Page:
Originally Posted by HP_Lovecraft
On a related note, wasnt this also the reason that SP switched to 2pc barrels?
-SP switched to 2 piece barrels for ease of manufacturing and cost-cutting.
As I noted earlier, SP started out buying factory barrels straight from the manufacturers. That wasn't going to keep working forever (IE, what if Bud decided to stop selling them to SP, and decided to start drilling them himself?) so SP started setting up to make their own.
Now, keep in mind I'm only speculating here, but I'm making kind of an informed speculation. Anyway, SP almost certainly found out that making barrels is actually pretty tricky. You either drill from solid bar stock, or you have tubing custom-extruded to the dimensions you want, and just finish-machine the surfaces.
I suspect they started with bar stock, at least early on, because you have to make huge purchases for custom extrusions- like committing to buy 5,000 feet or more.
As an aside, this is part of the reason Bob Long developed the Intimidator- he'd set up to make fancy aftermarket milled bodies for the Spyder, and bought a huge run of custom extrusion to do it. But it turned out nobody wanted to put a $250 body on $150 blowback, so he wound up stuck with thousands of feet of custom extrusion. But, a little fiddling and inventing later, they fitted it with electro guts and called it the Intimidator.
Anyway, whether SP used solid bar or custom extrusion, they probably found out that boring them accurately much past 5" or 6" was difficult- and, I suspect, they started out early on with used machinery that couldn't hold tolerances that well, and got worse the deeper the bore went.
Now, the other side of that coin is that the existing SP barrels had started to get a nasty reputation of being very hard to clean. The ports essentially "stored" paint, so even after multiple squeegeeings, it'd still shoot like it had a wet bore.
SP had already put a bunch or marketing into the "rifled" concept- including the famous "high speed" photos from the ad- so they couldn't just drop the porting. That was the whole and only reason anyone bought the darn things.
So somewhere along the line, somebody at SP had a bright idea: Make the barrels in two parts. That let them to several things: One, make tips in bulk. Rather than setting up for a complete barrel, one machine could be set up to do nothing but tips, while others did back halves of various threads.
That way, each half of the barrel was relatively short, and thus easy to machine. (In part the same reason so many makers today produce two-piece barrels instead of full-length one piece. Even with today's high-end machines, it's tricky to make a good, smooth, accurate-diameter bore that deep.)
Second, the tip section could be made larger in bore diameter, so that broken paint wasn't as hard on accuracy as it was for the straight-bores. Chances are SP found an off-the-shelf tubing size, and just used it rather than going with a more expensive custom extrusion.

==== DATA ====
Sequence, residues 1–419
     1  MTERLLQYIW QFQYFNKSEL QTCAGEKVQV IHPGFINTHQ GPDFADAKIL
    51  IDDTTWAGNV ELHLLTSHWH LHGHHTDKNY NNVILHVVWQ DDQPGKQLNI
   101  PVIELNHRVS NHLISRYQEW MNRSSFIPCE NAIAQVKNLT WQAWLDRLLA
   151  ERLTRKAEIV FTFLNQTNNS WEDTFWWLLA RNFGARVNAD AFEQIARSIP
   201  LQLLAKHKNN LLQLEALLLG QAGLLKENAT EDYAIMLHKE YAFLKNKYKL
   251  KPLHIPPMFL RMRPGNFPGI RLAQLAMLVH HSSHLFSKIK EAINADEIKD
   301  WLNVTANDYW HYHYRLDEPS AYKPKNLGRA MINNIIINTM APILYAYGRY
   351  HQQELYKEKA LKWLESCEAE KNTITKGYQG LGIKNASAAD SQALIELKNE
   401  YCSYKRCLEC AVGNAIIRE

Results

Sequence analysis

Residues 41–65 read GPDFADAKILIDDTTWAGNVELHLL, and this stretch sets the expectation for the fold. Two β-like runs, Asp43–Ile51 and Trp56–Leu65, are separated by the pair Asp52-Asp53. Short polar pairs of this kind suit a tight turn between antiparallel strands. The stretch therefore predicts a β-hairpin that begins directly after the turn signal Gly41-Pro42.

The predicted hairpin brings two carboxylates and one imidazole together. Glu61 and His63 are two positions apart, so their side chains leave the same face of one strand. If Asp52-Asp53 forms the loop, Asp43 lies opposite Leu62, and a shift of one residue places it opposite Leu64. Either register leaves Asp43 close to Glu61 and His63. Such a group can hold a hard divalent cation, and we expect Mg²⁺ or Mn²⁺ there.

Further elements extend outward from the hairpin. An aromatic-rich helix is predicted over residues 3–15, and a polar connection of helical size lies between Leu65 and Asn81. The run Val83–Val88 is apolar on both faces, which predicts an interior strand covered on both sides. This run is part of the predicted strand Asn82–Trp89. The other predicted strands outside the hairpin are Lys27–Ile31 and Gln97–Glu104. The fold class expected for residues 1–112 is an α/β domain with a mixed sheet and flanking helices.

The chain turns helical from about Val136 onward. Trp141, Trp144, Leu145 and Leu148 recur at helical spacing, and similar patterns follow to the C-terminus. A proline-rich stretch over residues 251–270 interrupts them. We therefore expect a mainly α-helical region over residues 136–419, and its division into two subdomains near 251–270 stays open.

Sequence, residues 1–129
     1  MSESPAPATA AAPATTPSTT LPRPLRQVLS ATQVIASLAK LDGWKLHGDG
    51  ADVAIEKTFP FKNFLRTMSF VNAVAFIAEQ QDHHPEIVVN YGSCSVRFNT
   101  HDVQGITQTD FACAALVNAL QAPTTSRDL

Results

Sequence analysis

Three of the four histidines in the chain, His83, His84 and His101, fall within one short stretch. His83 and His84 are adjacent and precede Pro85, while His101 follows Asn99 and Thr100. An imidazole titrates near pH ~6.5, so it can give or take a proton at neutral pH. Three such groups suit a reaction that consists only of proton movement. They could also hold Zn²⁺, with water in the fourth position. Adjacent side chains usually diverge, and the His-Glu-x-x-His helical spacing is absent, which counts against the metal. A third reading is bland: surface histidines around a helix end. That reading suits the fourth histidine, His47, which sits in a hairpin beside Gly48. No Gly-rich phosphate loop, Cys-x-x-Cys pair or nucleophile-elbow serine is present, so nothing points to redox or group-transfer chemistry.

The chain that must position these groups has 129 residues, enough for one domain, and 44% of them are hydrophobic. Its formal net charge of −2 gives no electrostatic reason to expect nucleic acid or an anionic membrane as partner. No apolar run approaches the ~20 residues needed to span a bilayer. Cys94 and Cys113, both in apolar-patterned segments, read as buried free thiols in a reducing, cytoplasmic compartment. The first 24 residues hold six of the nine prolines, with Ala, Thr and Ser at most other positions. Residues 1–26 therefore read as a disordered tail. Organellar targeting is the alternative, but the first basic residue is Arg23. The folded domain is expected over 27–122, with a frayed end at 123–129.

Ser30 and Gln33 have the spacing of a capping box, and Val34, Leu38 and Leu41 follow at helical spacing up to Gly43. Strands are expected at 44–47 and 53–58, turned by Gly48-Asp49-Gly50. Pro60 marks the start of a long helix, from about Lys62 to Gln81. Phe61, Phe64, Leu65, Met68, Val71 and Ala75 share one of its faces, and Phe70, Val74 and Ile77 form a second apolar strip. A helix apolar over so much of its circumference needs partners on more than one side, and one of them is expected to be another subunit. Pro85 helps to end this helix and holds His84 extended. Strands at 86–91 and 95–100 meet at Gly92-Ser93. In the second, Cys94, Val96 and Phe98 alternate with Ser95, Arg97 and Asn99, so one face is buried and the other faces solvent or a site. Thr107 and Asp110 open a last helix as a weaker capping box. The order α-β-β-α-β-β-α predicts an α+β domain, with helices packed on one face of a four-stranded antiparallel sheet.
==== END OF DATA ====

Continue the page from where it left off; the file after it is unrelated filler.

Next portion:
Third, the tips could now be custom-anodized and assembled separately. Instead of having (just as an example) five different barrel threads and five different colors of anno (meaning you'd have to keep 25 different barrels on hand to fill any one color/thread combo order) you could just have a bin of back and a bin of tips- somebody wants a 'Cocker barrel with a purple tip, you just grab an appropriate back and a matching tip. Glue 'em together and ship 'em off.
This is one of the things that really helped SP early on; they not only had custom barrels, they had custom barrels for damn near everything. Other makers (and there were damn few early on) might have had 'Mag, 'Cocker and VM barrels, but SP had those three plus Illustrator and Z1 and Bushmaster and Storm, etc. etc. and so on.
They could do that because it was a trivial exercise to reprogram a machine to make a slightly different thread, then jam a tip in to finish 'em off.
The story I've always heard was that SP discovered it was cheaper to use 3/4" tube stock to make the barrels, then use 1" bar stock to make the "backs"
-As above, probably. It all comes down to cost: Making short pieces and joining them is cheaper than boring a single piece (accurately) in the same length, and using off-the-shelf tubing is cheaper than buying custom-size extrusions.
And as far as cost goes, note how early SP barrels had tight spirals of very closely-spaced holes. Many of the very earliest (hand drilled factory barrels) had the holes damn near touching.
Later mass production barrels, however, used a shallower spiral and considerably looser hole spacing. So instead of (again, just to throw a number out) 100 holes in a line, there might only be 30. Less drilling means reduced cycle time, means more made per machine hour, which of course means more profit. And I don't begrudge 'em that a bit, except for all the early advertising about the rifling and ball physics...
Then.... market this as being better then 1pc. Because of magic fairies or whatever.
-Actually, SP was selling the 2-piece barrels for years before it got to be common knowledge they even were
2-piece. The early marketing was all about the "rifling"- making the ball spin, "disconnecting" the ball from the gas column allowing to "regain it's shape" after firing, etc. etc.
I mean, people did know they were 2-piece (the tip would sometimes fall out) but that fact wasn't mentioned in the advertising 'til several years down the road.